• Philodendron

If you're planting an outdoor vertical garden, you must use plants that are hardy to your planting zone. Choose varieties that are leafy and ones that vine and drape attractively. Impatiens, nasturtiums or vinca are all solid options.

What Are the Benefits of Installing a Living Wall?

There are many benefits to adding a living wall to your new or existing home. It generates healthy oxygen and makes rooms smell fresh and clean. A vertical garden also adds interest, texture, and height to your room's design. It's a beautiful, natural element that brings the outdoors inside. And when used outdoors in a sunny climate, can be a refreshing source of shade.

If your space needs a boost, consider the many physical and mental health properties of installing a living wall. You'll love the way it looks and feels, and watching it thrive and flourish can feel therapeutic and satisfying.

When it comes to finding the ideal neighborhood for your next home, there's no "one size fits all" formula.

While some people enjoy the hustle and bustle of an urban environment, others prefer a quiet family-oriented neighborhood in the suburbs.

Whatever your preferences, convenience is near the top of just about everyone's priority list. Here's why:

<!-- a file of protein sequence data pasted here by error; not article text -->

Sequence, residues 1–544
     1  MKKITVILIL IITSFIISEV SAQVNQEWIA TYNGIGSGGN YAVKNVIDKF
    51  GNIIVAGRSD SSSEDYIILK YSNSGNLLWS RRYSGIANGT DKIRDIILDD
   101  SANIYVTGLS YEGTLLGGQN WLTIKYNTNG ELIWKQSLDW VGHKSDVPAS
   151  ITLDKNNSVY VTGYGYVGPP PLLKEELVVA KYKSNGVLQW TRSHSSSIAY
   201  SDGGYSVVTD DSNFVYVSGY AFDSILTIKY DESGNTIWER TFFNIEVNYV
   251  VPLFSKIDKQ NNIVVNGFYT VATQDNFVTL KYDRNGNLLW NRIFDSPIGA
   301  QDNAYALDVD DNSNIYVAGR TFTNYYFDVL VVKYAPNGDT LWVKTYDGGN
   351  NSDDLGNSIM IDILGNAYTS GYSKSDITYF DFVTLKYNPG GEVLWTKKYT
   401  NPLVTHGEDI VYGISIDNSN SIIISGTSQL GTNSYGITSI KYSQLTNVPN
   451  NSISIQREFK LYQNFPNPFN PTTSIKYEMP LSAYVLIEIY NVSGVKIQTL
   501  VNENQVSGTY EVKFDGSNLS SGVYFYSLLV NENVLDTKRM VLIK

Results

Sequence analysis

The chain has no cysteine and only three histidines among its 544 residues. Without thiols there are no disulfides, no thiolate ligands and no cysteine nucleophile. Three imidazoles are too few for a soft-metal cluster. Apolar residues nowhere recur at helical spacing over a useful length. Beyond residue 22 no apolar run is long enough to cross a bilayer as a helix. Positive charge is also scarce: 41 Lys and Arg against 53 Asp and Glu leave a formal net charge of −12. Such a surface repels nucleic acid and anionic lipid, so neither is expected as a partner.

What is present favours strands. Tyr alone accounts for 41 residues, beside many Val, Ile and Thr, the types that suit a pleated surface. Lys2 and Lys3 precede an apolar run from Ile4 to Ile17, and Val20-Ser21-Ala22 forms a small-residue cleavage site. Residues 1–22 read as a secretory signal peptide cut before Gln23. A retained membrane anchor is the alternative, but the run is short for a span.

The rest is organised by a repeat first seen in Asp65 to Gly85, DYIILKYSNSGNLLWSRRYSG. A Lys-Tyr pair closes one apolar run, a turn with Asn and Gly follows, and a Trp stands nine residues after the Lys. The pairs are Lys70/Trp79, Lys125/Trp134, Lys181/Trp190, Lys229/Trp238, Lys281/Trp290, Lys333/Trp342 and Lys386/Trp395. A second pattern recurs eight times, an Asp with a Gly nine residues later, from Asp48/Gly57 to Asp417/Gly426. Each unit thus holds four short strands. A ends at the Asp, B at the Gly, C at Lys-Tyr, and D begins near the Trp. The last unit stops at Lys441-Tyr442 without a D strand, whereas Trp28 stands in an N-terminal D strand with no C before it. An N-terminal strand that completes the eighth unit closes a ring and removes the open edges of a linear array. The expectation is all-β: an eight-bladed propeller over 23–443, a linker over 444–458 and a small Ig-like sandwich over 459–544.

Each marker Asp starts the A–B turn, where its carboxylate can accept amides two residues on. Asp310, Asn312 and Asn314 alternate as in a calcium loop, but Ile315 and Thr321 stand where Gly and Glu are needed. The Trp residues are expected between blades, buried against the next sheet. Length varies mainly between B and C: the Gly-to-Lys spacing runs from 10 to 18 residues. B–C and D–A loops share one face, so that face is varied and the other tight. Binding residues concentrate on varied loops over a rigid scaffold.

Closeness to Work: Long, daily commutes are not only stressful, but they can cause you to miss family dinners, school events, and relaxing evenings at home. There's also the added cost of gasoline, highway tolls, and wear-and-tear on your vehicle. If you happen to be leasing a vehicle, then long commutes could result in additional mileage charges at the end of your lease. Although car leases vary, exceeding the mileage allotment set by the leasing company can sometimes run you as much as 25 cents a mile. That can potentially add up to a hefty surcharge!

While there are a lot of reasons to look for a home that's relatively close to your job or business, quality of life issues are among the most important. As an example, if your daily commute is 45 minutes, each way, that adds up to an hour-and-a-half on the road. If you factor in occasional traffic jams, road repairs, and other inevitable delays, you're talking about more than eight hours a week just driving back and forth to work. It's equivalent to adding an additional work day to your week! Although it's not always feasible (especially in two-income households), there are major advantages to finding a house that's less than a half-hour commute to your job(s).

Proximity to Conveniences: Life will also be easier if you live close to a well-stocked supermarket. When you shop at a large, high-volume grocery store, prices are more economical and food tends to be fresher. Corner grocery stores and pharmacies are nice to have nearby when you just want to pick up a few quick essentials, but for selection, price, and freshness, supermarkets are usually your best bet!

Other desirable locations to keep in mind when house hunting include good-quality schools, reputable childcare centers, and proximity to family and friends. Depending on your lifestyle, you might want to be close to airports, major highways, recreational facilities, and entertainment. It can also be an advantage to choose a home near medical and dental offices, a veterinary clinic, and a preferred church, synagogue, or mosque.